- Direct the client not to share important sexual experiences. This usually starts with educating the client on the law’s limits to confidentiality, and may involve frequent reminders to the client about what cannot be discussed in therapy. This keeps the therapist from having to report, and thus keeps them compliant with the law, but it also closes potential conversation about a key area of adolescent growth and social development. Teenagers often want to discuss their relationships in the safe context of therapy precisely because they trust the therapist to have such conversation in private and without judgment. Stopping this conversation means that teenagers cannot have honest conversations with their therapists about sexual feelings and behaviors, including the risks and consequences of their actions. For teenagers who already distrust adults, this only further fuels that distrust. Finally, as should be obvious, directing teens not to talk about sexual experiences means directing them not to talk about experiences of real abuse that should be reported.
- Educate the client about what must be reported, and then allow them to use coded language. I have known some therapists who felt better using this as a middle-ground option, to at least give their adolescent clients some leeway to discuss sex. However, it (by design) leaves the waters of what is being discussed muddy on both sides, and leads to awkward, stilted conversations about sexual behavior. It also doesn’t really protect the therapist; regardless of what specific words the client is using, if the therapist reasonably believes the client is communicating that a reportable act took place, the therapist is legally obligated to report it.
- Choose not to follow the reporting law, accepting the liability that comes with that decision. A therapist who knowingly fails to report what the state considers child abuse can face up to six months in jail. However, taking on this risk allows for the most open and honest discussion of a client’s sexual behavior, and comfortable communication about sexual activity actually delays risky sexual behavior.
While I’m no lawyer, the fact that the law is discriminatory on its face would seem to make it unlikely to withstand a legal challenge. If I were the state of California, I certainly would not want to be defending the existing law in court. But why should the state wait to be sued by a 17-year-old reported as a child abuser for having consensual oral sex with his or her 17-year-old, same-sex partner? It would be far preferable to resolve the issue through legislation, but so far there has not been enough political will to make the needed changes. Because an amendment to make the law fair would necessarily reduce the mandated reporter’s obligations, it would look like a weakening of the child abuse reporting law — and in the wake of the Jerry Sandusky scandal at Penn State, lawmakers have reflexively moved in the opposite direction. An analysis from the California Assembly Appropriations Committee lists no less than seven bills in the state legislature this year that would expand mandated reporting and stiffen penalties for failure to report. The Board of Behavioral Sciences has expressed interest into at least examining the issue. I brought this to them at their April [page 27] and July Policy and Advocacy Committee meetings, and they have agreed to place it on a future agenda for discussion. What’s really needed, though, is a lawmaker with the nerve to stand up and say, “The current law is wrong, it discriminates against gay and lesbian youth, and it makes it harder to provide a safe therapeutic environment for normal, healthy adolescents. Let’s make the law do what we intended for it to do in the first place: protect vulnerable people from harm. Let’s stop requiring therapists to label normal teenagers as child abusers.” References 1. Atkins, C. L. (2007). Reporting consensual activity between minors: The confusion unraveled. The Therapist, 19(1), 32-35.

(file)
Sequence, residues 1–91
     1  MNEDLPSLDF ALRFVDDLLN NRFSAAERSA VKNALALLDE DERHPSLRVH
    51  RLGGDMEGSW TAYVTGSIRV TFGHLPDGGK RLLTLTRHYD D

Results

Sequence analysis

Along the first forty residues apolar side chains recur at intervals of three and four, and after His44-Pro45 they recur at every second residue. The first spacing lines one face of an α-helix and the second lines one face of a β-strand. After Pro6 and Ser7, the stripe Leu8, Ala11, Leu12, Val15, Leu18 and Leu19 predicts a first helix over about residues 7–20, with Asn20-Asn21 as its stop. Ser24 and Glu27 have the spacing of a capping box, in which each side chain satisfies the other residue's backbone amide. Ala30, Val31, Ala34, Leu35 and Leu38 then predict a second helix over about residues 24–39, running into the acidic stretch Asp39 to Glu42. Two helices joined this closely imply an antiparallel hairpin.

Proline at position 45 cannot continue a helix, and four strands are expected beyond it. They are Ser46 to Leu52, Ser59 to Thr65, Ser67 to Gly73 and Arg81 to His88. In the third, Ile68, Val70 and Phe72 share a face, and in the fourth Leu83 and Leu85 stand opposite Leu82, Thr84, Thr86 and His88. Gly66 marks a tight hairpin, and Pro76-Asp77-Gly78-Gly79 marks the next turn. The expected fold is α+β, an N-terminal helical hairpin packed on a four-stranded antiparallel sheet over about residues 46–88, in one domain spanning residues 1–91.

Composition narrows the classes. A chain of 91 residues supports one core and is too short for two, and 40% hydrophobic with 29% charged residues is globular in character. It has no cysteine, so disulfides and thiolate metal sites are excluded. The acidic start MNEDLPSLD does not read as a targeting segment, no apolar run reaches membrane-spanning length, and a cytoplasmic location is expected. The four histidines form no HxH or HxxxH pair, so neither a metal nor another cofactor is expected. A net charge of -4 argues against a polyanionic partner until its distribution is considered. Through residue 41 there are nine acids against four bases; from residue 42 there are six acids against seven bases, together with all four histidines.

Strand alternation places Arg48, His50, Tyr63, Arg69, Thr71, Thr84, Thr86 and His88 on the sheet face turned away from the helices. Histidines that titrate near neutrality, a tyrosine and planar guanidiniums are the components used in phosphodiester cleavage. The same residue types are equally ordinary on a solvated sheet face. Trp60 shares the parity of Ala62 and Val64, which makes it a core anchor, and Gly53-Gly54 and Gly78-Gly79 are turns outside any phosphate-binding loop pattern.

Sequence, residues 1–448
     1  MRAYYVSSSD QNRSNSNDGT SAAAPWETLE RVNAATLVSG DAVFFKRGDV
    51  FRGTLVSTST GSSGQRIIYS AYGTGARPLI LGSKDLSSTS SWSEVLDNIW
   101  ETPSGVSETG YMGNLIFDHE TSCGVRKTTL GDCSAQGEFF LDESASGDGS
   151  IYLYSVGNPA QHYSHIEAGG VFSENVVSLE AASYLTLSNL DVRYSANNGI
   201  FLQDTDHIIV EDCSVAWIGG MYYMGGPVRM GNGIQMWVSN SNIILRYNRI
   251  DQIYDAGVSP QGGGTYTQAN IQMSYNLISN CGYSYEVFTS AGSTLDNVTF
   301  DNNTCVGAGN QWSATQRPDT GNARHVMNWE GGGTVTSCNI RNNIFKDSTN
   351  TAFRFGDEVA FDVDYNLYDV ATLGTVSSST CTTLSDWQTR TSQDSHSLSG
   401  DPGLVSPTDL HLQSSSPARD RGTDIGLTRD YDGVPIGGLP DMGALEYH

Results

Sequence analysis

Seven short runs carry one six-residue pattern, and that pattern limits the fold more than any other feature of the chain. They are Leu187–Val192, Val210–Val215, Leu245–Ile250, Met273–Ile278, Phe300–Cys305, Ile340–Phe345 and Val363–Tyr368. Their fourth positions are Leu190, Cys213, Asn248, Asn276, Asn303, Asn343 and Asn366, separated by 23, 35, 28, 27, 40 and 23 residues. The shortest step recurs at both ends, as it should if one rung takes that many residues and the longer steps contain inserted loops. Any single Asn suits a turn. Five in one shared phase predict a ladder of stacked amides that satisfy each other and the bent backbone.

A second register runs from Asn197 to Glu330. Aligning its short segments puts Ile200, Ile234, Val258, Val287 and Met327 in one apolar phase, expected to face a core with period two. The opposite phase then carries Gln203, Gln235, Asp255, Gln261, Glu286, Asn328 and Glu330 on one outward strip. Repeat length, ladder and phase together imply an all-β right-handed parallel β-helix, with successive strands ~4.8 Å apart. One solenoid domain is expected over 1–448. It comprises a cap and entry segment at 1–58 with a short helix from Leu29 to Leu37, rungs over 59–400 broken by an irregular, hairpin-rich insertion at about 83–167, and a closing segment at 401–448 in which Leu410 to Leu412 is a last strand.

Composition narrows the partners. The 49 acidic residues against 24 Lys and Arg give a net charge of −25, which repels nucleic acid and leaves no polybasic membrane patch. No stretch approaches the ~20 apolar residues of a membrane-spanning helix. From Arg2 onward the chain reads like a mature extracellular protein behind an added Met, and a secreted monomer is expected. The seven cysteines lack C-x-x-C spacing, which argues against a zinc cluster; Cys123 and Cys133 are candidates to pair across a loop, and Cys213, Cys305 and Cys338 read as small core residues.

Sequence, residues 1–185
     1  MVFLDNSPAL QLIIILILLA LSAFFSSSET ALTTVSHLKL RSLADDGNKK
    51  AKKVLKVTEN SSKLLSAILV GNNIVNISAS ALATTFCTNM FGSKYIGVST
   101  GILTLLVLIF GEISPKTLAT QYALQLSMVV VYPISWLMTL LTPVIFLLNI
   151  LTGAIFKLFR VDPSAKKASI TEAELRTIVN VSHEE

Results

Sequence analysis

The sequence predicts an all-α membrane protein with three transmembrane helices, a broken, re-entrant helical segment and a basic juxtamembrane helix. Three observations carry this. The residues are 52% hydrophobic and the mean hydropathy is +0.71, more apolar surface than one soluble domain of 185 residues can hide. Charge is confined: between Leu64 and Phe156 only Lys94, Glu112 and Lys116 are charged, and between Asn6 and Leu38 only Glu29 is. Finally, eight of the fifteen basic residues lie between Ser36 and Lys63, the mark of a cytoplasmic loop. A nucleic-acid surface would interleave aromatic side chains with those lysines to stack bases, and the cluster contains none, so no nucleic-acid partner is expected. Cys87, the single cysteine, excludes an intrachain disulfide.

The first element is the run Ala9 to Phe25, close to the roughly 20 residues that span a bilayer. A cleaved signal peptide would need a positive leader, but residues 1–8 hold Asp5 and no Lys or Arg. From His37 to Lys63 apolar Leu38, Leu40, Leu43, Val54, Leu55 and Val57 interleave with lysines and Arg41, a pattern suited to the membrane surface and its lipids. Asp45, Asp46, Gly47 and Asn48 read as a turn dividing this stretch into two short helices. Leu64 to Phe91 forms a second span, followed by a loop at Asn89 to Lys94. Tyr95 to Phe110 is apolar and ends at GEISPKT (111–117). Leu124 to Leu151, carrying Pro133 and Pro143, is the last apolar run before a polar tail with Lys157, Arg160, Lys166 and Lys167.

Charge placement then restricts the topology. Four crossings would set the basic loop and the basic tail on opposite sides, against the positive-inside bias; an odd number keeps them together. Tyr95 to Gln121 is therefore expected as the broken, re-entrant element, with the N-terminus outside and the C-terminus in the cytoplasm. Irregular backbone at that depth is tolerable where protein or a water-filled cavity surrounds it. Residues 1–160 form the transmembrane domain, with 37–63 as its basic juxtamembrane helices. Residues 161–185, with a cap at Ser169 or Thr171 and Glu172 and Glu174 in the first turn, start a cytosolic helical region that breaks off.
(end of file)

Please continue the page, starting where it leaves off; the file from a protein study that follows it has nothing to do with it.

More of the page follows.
Because of this antiquated reporting law, I warn my adolescent clients not to talk to me about these things, as I am required by law to report it. As one of my grad students asked, “You mean, you have to tell a teen not to talk about something they most likely need to talk to someone about?” I sadly must explain, yes.
2. Halpern, C. T., & Haydon, A. A. (2012). Sexual timetables for oral-genital, vaginal, and anal intercourse: sociodemographic comparisons in a nationally representative sample of adolescents. American Journal Of Public Health, 102(6), 1541-0048. # # # As I said, I’m not a lawyer. The above information should not be construed as legal advice when determining whether a child abuse report is required. Consult with a supervisor and/or an attorney about your specific situation. What are your thoughts about the law and how to best fix it? Post a comment below, email me at ben[at]bencaldwell[dot]com, or post a message to my Twitter feed.